By Jim Farley, Executive Vice President and President, Global Markets, Ford Motor Company
In 1964, a Canadian pilot named Stanley Tucker took the very first Ford Mustang ever made out for a test drive. He never brought it back.
The vehicle — in perfect “Wimbledon White” — was never meant to be sold. It was a show car for test drives only. But Stanley loved it so much that he simply said, “no thanks” for two years until Ford promised him Mustang No. 1,000,001 in exchange for the original. (Stanley’s car now resides safe and sound at the Henry Ford Museum.)
Stanley wasn’t the only one who fell in love with the Mustang at first sight: On the day it debuted at the 1964 New York World’s Fair, over 22,000 people purchased a Mustang without even getting behind the wheel.
It was an instant classic. And the sexiest car on the market.
In fact, the Ford Mustang created a whole new class of vehicle, becoming the world’s first pony car — despite not actually being named after the animal. Designer John Najjar suggested the name Mustang after the World War II P-51 Mustang fighter plane (though the plane was named after the horse so it’s probably fine). Since its release, it has made appearances in over 500 movies to date, from Sean-Connery-as-James-Bond’s car in Goldfinger, to the star of the most memorable car chase scene in cinematic history in Steve McQueen’s Bullitt.
It’s been the subject of dozens of popular songs, including multiple love songs where the object of desire was the car itself. And while it’s impossible to put a price on everything the Mustang has come to represent, a 1967 Shelby GT500 Super Snake model once sold at auction for $1.3 million.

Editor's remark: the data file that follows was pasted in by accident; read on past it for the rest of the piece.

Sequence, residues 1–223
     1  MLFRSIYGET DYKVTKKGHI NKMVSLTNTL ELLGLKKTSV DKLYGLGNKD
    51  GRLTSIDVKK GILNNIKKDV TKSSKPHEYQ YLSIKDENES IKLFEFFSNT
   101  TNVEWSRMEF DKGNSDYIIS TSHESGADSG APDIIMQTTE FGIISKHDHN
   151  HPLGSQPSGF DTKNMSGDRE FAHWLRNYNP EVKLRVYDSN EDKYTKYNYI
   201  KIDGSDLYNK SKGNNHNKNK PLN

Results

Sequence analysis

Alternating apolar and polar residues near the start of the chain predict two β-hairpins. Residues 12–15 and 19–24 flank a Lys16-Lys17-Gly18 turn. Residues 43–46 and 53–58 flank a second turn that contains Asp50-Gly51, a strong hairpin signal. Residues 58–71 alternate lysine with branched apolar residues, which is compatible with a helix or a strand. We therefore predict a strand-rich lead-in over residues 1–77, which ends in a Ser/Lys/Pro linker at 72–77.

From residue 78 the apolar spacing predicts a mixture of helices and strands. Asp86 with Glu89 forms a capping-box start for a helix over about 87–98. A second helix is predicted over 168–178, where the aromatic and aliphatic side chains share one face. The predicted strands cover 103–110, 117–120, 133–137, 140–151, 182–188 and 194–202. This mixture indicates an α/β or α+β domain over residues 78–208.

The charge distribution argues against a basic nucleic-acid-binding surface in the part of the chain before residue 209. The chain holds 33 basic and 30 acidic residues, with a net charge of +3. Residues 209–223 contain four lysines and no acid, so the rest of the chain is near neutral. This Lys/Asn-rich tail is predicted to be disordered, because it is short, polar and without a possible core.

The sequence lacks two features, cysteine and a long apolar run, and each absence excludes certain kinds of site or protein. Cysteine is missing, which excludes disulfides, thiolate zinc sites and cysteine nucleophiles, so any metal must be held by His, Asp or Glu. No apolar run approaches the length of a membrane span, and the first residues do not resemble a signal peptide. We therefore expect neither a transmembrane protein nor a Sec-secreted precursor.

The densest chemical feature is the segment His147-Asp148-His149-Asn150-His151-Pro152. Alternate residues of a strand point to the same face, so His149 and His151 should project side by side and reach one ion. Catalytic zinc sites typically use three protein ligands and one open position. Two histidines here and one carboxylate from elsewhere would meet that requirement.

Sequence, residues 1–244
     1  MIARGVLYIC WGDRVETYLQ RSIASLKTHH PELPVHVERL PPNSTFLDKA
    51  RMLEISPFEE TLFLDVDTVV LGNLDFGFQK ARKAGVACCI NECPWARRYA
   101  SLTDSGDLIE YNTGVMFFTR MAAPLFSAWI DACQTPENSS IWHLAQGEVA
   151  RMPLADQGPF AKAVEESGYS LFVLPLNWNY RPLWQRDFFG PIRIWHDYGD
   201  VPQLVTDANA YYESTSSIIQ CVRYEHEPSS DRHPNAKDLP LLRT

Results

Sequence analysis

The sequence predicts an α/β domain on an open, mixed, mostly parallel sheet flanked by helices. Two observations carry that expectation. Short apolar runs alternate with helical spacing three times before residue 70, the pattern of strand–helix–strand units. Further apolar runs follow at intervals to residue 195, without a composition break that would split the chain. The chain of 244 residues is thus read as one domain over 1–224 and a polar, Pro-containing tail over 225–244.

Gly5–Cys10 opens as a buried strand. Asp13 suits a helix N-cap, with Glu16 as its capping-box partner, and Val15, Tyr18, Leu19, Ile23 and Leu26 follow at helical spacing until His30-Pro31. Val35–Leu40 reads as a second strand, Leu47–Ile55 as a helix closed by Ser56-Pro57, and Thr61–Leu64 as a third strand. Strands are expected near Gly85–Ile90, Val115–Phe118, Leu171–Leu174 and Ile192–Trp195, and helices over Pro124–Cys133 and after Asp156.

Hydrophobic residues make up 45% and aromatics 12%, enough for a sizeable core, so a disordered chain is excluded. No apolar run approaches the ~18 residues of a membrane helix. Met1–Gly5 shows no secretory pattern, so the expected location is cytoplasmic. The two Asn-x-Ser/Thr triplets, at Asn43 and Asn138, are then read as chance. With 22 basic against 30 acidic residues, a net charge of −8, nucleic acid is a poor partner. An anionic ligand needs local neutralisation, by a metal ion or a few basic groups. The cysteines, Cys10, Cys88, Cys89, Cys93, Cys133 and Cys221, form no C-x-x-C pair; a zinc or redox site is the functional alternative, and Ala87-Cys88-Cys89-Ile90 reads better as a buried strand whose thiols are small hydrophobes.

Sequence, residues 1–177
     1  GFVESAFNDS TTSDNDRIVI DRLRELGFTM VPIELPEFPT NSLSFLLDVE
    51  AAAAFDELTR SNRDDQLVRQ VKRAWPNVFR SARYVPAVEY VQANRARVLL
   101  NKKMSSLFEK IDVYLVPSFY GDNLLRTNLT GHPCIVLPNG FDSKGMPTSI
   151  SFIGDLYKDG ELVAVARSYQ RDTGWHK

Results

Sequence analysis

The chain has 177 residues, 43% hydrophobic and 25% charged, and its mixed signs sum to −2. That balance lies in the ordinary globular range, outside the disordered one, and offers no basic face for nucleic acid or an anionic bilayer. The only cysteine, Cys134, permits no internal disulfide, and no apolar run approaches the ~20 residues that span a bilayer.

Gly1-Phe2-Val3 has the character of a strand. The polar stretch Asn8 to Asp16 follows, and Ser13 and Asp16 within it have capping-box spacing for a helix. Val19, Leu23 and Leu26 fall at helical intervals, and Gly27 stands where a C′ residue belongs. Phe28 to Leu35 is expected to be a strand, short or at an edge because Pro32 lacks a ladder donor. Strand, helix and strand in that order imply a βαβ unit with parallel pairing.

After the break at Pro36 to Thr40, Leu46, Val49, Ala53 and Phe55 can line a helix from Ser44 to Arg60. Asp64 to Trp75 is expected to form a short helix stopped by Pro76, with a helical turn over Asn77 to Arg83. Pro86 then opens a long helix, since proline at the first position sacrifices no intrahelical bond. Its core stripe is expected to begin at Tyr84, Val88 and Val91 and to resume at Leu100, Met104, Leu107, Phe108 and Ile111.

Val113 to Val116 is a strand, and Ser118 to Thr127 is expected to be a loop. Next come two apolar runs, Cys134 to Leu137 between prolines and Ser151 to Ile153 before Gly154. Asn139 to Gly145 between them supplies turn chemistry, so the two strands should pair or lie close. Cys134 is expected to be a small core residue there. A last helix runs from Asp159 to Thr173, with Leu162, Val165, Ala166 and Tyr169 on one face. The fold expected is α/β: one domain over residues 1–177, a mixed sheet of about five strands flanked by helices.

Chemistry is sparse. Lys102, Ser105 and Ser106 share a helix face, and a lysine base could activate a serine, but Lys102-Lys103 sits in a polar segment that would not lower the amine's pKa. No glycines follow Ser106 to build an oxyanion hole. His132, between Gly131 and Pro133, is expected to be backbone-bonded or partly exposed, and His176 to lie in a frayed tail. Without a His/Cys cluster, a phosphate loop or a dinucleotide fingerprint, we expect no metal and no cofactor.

I’m familiar with the kind of devotion Mustang inspires. My first Mustang was a ’66 coupe I bought for $500 with money from my first job in California. When it came time to visit my family in Michigan, there was absolutely no way I was leaving that car — no way. So I drove it there — underage, without a driver’s license. While I certainly can’t condone that, I couldn’t look you in the eye and say I regret it either. Why?
Because Mustang. To this day, the Ford Mustang remains the international symbol of American cool, the patron saint of steamy windows everywhere. It’s the official car of heartthrobs, the one that you want to drive but also want to be driven in.
It evokes emotion, pride, swagger. The name, the look, the sound — all instantly recognizable. Now we’re building on that as we shape our future at Ford. We’re taking that success — that swagger — and infusing it in our upcoming silhouettes and a Mustang-inspired exciting electric utility coming in 2020. These new vehicles are ones that people will feel connected to and passionate about — just like they do with Mustang today.
Yesterday, Ford officially produced its 10 millionth Mustang. A parade of Mustangs representing all 54 model years roared from Dearborn to our Flat Rock Assembly Plant where our amazing team celebrated this achievement. A trio of P-51 fighter planes streaked overhead, and “Mustang Sally” pumped from the speakers. Mr. Tucker’s Wimbledon White Mustang was on display — right next to the 10 millionth Mustang — also white! Where else would you rather be?
Ten million — can you believe it? Ten million cars that have turned heads on every road they’ve touched. Ten million memories. I could not have been more proud. And there’s so much more to come.